I found a reference to a "New England chain of ice-cream parlors (that) served a frappe," but it didn't name the business. There was a similar, and just as useless, tidbit about a "famous ice cream parlor" in Brooklyn with frappes on its menu in the 1950s. I know people in northern New England sometimes call frappes "velvets," and Rhode Islanders call them "cabinets," presumably because you kept the blender used to make them in a cabinet.

But, unlike the regional term "packie," there didn't seem to be anyone who knew why we use the word frappe instead of milkshake. This was even more frustrating because milkshakes are a relatively recent culinary invention with a particularly interesting history.

Milkshakes as we (in Massachusetts) know them first start showing up on menus in the 1890s, and the recipe was universal in the U.S.: milk and syrup. Before the 1890s it was a cocktail with milk, syrup, a shot of whiskey "and, often, an egg." But as people started adding ice cream to the point it was a standard ingredient by the 1920s, the name milkshake was still used. Used everywhere, that is, except for Massachusetts.

In Massachusetts, milkshakes are still milkshakes but when you add ice cream, it becomes a frappe (which rhymes with flap, not flambe).

Brigham’s, which closed its last restaurant in 2015, made a point of distinguishing the differences between the two drinks on its menus. When a customer ordered a milkshake, servers were trained to tell them it did not include ice cream. But the regional ice cream chain of choice in greater Boston these days, J.P. Licks, just has milkshakes on its menu. And the J.P. Licks version has ice cream in it.

Frappes, floats, milkshakes, malts, sundaes, and ice cream sodas all had their heyday in the first half of the 20th century. Every town had at least one soda fountain, and the temperance movement pushed ice cream drinks as a replacement for alcohol. Indeed, many bars converted to soda fountains during prohibition.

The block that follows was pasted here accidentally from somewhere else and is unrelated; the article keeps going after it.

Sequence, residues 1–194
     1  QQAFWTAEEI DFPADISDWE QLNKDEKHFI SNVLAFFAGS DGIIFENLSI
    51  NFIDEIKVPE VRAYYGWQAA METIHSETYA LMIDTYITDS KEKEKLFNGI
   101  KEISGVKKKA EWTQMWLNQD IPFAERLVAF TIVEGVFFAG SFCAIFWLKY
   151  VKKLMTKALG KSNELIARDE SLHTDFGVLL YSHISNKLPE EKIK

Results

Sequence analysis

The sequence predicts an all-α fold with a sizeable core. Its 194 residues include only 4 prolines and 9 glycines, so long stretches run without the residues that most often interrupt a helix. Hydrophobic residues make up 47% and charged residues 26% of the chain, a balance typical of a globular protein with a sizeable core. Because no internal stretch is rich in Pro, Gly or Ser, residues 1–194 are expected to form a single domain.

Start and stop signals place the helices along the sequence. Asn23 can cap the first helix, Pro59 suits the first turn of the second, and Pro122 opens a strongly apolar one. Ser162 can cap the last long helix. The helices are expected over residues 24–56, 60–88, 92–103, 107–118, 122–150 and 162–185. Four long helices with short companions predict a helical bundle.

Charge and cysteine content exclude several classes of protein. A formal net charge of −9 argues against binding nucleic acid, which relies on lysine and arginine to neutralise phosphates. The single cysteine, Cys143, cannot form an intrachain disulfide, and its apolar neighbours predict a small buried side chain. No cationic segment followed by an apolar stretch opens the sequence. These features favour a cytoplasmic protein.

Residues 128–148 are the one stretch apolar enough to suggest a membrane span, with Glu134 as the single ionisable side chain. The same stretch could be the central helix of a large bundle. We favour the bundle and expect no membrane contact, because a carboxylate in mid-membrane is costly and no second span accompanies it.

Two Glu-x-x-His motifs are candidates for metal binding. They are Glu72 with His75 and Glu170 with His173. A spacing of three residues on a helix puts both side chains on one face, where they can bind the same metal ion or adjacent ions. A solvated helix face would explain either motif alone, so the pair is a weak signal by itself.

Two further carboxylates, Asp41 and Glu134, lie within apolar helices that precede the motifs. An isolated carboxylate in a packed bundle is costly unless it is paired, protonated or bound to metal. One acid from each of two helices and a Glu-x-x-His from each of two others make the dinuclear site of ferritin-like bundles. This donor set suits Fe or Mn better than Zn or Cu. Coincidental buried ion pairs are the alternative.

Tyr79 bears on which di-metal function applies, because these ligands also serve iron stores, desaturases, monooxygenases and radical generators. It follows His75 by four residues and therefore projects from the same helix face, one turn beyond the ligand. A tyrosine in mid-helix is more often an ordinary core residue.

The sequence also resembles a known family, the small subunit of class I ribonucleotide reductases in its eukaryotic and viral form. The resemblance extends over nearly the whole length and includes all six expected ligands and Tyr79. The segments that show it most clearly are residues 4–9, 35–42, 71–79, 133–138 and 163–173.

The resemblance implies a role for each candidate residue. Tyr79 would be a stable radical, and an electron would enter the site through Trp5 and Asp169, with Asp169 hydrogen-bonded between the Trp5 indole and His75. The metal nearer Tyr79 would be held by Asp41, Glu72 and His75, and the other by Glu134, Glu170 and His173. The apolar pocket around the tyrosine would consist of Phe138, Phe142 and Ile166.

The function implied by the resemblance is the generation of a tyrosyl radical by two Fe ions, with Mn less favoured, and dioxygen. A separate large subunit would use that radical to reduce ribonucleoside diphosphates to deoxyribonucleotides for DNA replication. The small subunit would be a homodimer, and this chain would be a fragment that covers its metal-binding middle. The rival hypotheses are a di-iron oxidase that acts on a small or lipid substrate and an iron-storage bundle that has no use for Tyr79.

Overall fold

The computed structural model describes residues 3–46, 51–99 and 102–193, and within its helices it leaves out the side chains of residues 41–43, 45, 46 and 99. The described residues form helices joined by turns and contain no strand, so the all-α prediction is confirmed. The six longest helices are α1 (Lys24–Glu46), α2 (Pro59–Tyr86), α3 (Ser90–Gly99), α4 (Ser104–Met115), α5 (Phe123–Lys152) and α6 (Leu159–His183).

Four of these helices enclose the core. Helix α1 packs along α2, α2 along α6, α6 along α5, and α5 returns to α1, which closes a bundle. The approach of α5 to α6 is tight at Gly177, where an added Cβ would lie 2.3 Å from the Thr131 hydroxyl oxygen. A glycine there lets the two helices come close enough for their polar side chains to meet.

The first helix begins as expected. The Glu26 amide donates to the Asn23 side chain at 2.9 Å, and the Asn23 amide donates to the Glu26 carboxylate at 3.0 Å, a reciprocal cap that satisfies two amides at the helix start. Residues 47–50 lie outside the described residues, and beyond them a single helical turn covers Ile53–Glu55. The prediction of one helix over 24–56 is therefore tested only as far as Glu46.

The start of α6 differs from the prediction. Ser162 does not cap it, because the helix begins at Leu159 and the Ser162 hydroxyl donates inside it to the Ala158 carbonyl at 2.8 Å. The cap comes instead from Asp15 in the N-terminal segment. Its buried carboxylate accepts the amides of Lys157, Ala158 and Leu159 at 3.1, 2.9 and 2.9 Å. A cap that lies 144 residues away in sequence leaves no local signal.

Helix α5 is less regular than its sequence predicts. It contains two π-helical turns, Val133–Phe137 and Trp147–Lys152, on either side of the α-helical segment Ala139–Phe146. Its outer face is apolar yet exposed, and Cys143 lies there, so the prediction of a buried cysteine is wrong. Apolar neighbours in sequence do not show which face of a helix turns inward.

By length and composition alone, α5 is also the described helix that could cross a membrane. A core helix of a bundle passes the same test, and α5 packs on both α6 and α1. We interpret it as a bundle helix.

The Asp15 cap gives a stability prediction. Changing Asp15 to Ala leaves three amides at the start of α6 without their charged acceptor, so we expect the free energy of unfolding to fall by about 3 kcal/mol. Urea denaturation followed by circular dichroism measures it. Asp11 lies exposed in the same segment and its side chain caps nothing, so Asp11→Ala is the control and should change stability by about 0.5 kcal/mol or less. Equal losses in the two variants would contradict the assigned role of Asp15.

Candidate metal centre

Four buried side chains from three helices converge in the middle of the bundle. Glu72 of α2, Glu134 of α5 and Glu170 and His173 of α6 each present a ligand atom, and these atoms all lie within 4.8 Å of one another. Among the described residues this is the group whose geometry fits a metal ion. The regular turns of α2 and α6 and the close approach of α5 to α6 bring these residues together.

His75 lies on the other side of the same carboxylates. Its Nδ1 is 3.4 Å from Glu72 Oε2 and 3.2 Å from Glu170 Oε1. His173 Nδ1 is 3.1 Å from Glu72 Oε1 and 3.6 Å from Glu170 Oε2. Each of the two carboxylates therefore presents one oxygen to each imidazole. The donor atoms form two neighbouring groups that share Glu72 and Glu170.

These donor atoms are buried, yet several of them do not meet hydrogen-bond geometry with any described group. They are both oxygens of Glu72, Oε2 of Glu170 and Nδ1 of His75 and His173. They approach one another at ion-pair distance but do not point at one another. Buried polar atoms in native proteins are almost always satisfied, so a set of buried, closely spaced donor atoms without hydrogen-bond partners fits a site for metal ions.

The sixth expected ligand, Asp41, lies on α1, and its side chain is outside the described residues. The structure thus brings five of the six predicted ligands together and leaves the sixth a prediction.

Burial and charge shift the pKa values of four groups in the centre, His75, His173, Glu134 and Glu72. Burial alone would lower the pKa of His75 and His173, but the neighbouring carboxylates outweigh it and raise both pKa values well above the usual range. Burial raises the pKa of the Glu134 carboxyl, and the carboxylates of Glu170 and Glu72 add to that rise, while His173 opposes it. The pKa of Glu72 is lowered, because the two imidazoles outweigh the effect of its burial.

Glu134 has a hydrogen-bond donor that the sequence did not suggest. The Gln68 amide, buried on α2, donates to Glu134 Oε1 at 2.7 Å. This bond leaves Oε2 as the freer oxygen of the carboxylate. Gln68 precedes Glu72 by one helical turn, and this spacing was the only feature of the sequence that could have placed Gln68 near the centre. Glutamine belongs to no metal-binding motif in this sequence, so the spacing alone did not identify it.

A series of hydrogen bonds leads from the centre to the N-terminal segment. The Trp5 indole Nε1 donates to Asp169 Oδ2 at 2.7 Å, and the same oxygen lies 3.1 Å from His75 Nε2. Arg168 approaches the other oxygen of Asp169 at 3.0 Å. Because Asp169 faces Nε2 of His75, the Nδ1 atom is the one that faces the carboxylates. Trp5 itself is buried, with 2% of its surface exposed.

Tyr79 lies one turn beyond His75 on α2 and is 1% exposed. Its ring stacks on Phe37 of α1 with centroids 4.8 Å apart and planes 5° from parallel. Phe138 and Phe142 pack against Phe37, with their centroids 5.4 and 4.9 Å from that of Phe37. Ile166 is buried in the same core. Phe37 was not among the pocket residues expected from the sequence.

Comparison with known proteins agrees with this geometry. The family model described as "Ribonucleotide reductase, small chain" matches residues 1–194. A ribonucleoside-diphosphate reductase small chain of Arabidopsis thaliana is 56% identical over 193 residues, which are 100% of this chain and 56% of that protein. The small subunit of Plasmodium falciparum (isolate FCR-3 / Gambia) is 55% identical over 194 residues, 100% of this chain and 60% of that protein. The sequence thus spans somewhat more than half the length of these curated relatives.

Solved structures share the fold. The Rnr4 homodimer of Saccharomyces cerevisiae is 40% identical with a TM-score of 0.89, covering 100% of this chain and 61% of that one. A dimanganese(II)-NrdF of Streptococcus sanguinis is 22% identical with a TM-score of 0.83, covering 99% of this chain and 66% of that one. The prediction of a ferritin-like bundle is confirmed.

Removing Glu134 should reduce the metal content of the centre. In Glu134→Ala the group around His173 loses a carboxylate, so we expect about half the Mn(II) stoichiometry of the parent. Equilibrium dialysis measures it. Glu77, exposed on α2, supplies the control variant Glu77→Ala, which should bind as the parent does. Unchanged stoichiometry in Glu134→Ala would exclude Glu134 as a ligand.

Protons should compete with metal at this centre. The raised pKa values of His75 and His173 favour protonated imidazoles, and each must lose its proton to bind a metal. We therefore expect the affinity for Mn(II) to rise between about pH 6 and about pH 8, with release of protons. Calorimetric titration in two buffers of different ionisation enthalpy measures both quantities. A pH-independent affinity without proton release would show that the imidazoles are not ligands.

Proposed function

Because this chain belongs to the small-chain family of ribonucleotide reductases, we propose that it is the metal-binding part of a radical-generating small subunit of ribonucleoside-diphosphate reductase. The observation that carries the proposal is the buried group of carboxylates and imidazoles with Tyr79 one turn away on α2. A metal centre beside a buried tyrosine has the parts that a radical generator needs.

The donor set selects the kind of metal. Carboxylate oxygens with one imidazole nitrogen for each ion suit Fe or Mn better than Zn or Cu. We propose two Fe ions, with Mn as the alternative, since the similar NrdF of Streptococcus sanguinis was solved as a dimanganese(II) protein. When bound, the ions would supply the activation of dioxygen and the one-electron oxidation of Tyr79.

"Frosted milkshakes," which were milkshakes with "a dollop of ice cream" blended in start showing up on menus in different parts of the country in the early 1900s. And by the 1920s, as home blenders became affordable and people realized a drink with ice cream is always better than a drink without ice cream, the "frosted" was dropped.

The pressing question, though, remains unanswered: When did we in Massachusetts start using the term frappe and why? And why do we keep using it? If you have any ideas, please email me or give me a call.

Update, April 26: Dozens of readers sent notes after this article was first published, mostly to reminisce about their favorite place to get a hit (Brigham's and Bailey's got the most mentions, followed by Cabot's in Newton).

But a handful of readers, like Cynthia Jacques, mentioned a possible explanation for why New Englander's adopted —and kept using - the word frappe instead of milkshake.

"I've always believed that French Canadian was the origin (frappé) for the English term frappe and that English speaking customers and English speaking advertisers found dropping the accent over the e eliminated guessing how to correctly pronounce the word," Jacques, who grew up up in New Hampshire, wrote. "In the 1950s Newberry's department store had them on their menus in central New Hampshire, where a number of French Canadians had immigrated and worked in a number of mills. That was probably the case in many of the larger mill towns and cities in southern NH. and in northern MA. "


Video: When Ice Strikes Back: Funny Fails Of The Week. FailArmy (December 2021).